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(Last Chance) How To Lock In Amazon Prime’s Cheaper Price Before It Jumps $20

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How To Lock In Amazon Prime’s Cheaper Price

Amazon will soon raise the price of its Prime membership in the US to $139 per year. That’s an increase of $20, up from the $119 annual fee that was instated four years ago. The price hike is meant to address higher costs Amazon is facing across the board, from shipping to labor to construction, although the company has done pretty well over the last couple of years.

The new price will go into effect for new members on February 18th. Current members will see the price increase on renewals after March 25th. The price for a monthly Prime membership is also going up to $14.99 per month from $12.99 per month. Prime’s price is not changing in other countries for now.

Amazon Prime first launched in the US in 2005 with a price of $79. Is was then increased to $99 in 2014 and then again in 2018 to $119.

Lock In $119 Price Now

If your Amazon Prime membership just renewed, or will renew before March 25th, then you’re lucky. If you’re not sure when your renewal date it, you can check here. However it is possible to lock in the $119 price for the future as well.

Amazon has a page where you can “Give the gift of Prime“. You can gift someone a Prime Membership, or just gift it to yourself. By gifting to yourself you can also lock in today’s price for a future renewal. You can set the gift date to a later time, just before your membership expires. Amazon will send you an email on the day you choose along with redemption instructions. Or, you can send it now and just save it in an email folder etc.

Be sure to set a reminder on your calendar for the a day or two before your membership is set to renew so you can cancel it. You will not be able to use the “Gift of Prime” until after your account drops its Prime status. If you try to add a year to your account now it will ask you to convert it into a gift card.  Your current subscription must end before you can activate the gift of Prime.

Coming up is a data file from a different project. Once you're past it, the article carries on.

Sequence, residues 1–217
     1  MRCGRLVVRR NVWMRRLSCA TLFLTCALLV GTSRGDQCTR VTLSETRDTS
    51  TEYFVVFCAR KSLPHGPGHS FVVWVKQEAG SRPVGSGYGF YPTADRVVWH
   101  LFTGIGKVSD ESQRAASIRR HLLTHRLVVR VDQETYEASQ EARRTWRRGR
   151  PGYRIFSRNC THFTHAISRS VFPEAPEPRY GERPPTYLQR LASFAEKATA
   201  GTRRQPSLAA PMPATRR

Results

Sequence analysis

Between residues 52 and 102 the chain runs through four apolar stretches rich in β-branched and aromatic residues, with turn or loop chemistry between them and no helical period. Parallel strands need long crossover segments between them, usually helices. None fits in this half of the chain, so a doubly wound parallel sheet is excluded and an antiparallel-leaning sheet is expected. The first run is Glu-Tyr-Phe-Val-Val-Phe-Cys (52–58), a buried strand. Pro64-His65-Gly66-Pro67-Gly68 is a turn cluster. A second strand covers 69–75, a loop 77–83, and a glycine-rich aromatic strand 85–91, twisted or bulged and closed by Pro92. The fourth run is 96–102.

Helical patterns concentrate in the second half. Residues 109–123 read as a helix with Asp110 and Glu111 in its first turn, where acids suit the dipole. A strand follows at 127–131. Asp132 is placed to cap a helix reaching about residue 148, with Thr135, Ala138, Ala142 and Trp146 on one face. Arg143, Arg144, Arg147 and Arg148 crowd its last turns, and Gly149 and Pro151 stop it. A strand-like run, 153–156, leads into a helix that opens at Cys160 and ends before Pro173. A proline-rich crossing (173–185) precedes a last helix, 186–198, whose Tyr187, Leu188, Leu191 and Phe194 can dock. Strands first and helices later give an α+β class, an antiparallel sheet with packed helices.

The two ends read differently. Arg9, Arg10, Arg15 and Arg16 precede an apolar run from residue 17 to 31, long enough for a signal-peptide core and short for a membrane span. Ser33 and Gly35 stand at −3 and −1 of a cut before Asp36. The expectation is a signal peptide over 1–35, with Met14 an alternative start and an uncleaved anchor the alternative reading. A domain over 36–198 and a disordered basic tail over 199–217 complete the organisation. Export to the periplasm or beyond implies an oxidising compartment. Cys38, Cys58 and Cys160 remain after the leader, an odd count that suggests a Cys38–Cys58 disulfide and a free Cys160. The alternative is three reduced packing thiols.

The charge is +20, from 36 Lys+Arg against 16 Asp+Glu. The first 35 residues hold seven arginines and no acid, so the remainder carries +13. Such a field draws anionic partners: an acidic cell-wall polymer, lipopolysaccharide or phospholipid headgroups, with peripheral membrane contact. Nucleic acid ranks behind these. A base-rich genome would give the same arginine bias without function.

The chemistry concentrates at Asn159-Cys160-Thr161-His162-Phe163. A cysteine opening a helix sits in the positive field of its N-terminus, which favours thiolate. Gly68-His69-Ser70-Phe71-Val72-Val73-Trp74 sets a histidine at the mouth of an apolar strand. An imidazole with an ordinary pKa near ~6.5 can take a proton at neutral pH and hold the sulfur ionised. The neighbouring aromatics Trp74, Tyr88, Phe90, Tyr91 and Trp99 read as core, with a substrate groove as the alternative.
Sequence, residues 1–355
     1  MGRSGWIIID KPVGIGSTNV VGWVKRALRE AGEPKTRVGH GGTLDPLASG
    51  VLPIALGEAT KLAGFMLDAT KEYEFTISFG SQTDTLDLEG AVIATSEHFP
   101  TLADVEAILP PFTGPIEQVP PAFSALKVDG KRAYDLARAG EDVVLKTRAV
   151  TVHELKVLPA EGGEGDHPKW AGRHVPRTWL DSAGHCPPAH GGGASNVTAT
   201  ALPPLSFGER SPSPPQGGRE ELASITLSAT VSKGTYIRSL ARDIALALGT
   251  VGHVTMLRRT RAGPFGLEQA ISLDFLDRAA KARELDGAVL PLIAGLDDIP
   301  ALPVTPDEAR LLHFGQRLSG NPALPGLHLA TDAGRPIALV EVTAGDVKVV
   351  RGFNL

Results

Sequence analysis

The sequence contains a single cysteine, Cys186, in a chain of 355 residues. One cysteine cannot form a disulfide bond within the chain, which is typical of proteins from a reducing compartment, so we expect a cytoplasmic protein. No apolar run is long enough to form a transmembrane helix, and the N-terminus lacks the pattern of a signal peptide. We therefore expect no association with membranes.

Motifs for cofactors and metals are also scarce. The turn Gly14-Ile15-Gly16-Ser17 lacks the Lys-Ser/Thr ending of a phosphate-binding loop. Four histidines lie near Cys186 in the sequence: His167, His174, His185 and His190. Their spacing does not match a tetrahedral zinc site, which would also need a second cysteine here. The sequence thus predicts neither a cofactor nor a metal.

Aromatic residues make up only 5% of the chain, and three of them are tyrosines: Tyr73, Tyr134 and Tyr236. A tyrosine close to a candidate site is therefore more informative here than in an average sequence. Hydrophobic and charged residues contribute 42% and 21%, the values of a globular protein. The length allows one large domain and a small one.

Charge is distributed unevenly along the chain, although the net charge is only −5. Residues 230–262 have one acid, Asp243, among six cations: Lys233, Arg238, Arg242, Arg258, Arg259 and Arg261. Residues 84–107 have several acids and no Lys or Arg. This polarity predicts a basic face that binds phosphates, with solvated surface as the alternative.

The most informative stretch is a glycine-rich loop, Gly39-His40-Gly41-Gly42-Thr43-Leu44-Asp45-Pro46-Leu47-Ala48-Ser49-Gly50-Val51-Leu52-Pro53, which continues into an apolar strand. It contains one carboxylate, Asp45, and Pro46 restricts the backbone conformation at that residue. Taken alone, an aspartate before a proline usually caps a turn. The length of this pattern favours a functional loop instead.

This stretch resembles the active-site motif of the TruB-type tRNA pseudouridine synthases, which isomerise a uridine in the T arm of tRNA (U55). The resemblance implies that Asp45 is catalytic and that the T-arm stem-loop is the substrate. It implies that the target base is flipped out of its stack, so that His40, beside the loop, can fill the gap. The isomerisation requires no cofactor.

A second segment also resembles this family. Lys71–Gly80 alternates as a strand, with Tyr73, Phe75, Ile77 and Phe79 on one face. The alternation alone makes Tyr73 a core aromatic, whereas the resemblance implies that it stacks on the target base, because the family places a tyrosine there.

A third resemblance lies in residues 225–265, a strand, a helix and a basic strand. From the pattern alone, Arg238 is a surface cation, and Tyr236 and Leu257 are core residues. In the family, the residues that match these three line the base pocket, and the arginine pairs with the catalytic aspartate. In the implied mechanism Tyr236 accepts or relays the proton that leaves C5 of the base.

This way you can pay just $119 now and renew later.

Conclusion

A $20 price increase is considerable. That’s a price hike of almost 17%. If you shop often on Amazon and take full advantage of the perks that Amazon Prime give you, then it maybe still be worth it. But you will need to evaluate this for yourself.

Will you continue to pay for Amazon Prime? Are the perks worth $139?

Disclosure: Miles to Memories has partnered with CardRatings for our coverage of credit card products. Miles to Memories and CardRatings may receive a commission from card issuers.

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DDG
DDGhttp://dannydealguru.com
Based in NYC. Points/miles enthusiast for years and actively writing about it for the last 6+ years at Danny the Deal Guru. I'm always looking out for deals. Making a few bucks is always nice, but the traveling is by far the best part of this business.

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31 COMMENTS

  1. Prime offers unlimited photo storage, and I use it. I wonder when the Prime membership expires, would the pictures stored be immediately deleted?

  2. My membership just renewed at the beginning of January. Dodged a twenty-dollar bill this time. Do I want to gift myself now for later and then go thru the hassle of cancelling my membership just to use my own gift to become a member again? Meh… not likely. Besides, why let ’em borrow $119 of my money now so I can save $20 later when I can invest that money and earn more than I would save? Also keep in mind that you’ll only be saving $20 once and then the next membership cycle you’ll be paying $139 like everyone else, anyway. It depends on how liquid and stubborn one is to save $20 bucks. I’m just not that stubborn, but I’m thrify and can find other ways to save or make $20. So I guess I’ll just suck it up like everyone else when my membership renewal comes around. It’s gonna catch up to all of us eventually.